Logo IMG
HOME > My Amsci > Restricted Access

Ancient Earthquakes at Lake Lucerne

Restricted Access The content you've requested is available without charge only to active Sigma Xi members and American Scientist subscribers.

If you are an active member or an individual subscriber, please log in now in order to access this article.

If you are not a member or individual subscriber, you can:


Figure 3. Structural details in the sediments of Lake Lucerne . . .Click to Enlarge Image

The authors describe their efforts to determine the seismic history of Lucerne, Switzerland, which was badly shaken up in a 1601 earthquake—one that would have registered above 6 on the modern Richter scale. Through the study of the sediments in nearby Lake Lucerne, this team of geologists concludes that at least four other earthquakes also rocked this usually tranquil locale since the end of the Ice Age. Such "intra-plate earthquakes" do not take place often, but they can be quite destructive. So it is important to know how frequently they recur. Studying the natural archive found in lake sediments is thus provides an important supplement to historical records of seismic activity in Switzerland.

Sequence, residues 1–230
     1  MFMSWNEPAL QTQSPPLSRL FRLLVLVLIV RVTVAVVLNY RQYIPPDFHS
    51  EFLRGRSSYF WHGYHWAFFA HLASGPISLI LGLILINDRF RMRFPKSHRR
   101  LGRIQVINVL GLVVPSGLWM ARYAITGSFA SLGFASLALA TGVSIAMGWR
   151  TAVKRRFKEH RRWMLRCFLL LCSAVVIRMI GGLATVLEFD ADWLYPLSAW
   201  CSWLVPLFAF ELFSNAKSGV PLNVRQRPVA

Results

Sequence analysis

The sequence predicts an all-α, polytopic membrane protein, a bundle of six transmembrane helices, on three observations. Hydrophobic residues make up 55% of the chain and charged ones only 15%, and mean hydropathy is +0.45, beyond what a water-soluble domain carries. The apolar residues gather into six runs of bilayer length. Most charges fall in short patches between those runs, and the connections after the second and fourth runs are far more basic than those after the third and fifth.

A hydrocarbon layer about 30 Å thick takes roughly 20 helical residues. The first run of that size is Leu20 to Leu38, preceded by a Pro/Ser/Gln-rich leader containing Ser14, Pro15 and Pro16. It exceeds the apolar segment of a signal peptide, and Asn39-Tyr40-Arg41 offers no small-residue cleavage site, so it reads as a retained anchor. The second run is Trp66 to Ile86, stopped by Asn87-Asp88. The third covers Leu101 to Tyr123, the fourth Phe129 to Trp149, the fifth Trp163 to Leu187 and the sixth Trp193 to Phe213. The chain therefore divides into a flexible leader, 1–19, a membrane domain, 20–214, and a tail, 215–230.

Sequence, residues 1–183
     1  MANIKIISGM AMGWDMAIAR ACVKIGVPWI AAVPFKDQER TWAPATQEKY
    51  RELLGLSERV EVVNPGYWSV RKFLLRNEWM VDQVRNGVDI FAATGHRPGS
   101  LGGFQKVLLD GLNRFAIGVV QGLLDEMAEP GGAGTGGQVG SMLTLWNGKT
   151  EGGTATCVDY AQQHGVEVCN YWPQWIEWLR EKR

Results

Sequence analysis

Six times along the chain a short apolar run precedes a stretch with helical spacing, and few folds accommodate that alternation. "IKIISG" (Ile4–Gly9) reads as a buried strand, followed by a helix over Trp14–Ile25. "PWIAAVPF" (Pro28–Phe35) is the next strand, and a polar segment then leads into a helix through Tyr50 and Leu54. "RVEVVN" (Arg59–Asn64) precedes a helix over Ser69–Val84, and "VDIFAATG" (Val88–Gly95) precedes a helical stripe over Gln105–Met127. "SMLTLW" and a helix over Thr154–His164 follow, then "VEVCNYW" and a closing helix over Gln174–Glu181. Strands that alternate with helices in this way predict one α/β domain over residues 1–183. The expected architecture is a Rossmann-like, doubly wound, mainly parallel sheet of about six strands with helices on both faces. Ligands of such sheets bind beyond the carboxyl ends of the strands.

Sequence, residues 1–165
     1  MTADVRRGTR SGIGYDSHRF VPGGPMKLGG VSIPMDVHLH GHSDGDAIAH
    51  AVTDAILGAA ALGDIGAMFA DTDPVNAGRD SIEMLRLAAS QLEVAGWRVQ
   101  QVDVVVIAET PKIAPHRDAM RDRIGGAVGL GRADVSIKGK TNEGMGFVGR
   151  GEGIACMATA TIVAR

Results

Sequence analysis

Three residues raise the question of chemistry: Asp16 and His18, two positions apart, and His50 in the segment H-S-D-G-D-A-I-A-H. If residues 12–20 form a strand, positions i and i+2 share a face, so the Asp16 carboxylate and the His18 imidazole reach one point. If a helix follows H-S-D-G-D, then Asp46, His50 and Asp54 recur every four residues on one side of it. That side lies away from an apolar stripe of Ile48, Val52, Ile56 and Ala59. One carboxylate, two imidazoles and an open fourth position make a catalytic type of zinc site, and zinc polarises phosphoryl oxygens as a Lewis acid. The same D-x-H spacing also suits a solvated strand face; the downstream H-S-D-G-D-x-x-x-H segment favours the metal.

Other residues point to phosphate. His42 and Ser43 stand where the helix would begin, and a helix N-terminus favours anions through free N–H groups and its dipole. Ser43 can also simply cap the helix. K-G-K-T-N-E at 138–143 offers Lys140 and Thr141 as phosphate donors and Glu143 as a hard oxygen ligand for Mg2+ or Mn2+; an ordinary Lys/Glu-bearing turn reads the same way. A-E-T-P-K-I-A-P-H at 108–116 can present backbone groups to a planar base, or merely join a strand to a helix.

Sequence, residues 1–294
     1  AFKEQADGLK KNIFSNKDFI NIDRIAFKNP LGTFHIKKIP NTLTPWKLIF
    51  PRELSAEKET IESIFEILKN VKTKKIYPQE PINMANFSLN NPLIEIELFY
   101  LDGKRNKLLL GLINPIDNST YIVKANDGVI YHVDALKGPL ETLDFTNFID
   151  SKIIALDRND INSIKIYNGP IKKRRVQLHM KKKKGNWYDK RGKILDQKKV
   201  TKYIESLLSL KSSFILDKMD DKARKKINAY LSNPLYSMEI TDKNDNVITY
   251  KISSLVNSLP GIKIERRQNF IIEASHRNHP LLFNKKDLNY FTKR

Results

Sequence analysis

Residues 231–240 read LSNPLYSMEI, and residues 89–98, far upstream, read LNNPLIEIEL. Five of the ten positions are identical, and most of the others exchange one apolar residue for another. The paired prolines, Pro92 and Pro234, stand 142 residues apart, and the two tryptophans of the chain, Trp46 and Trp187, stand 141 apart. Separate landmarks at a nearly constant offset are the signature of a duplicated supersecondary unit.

Subscribe to American Scientist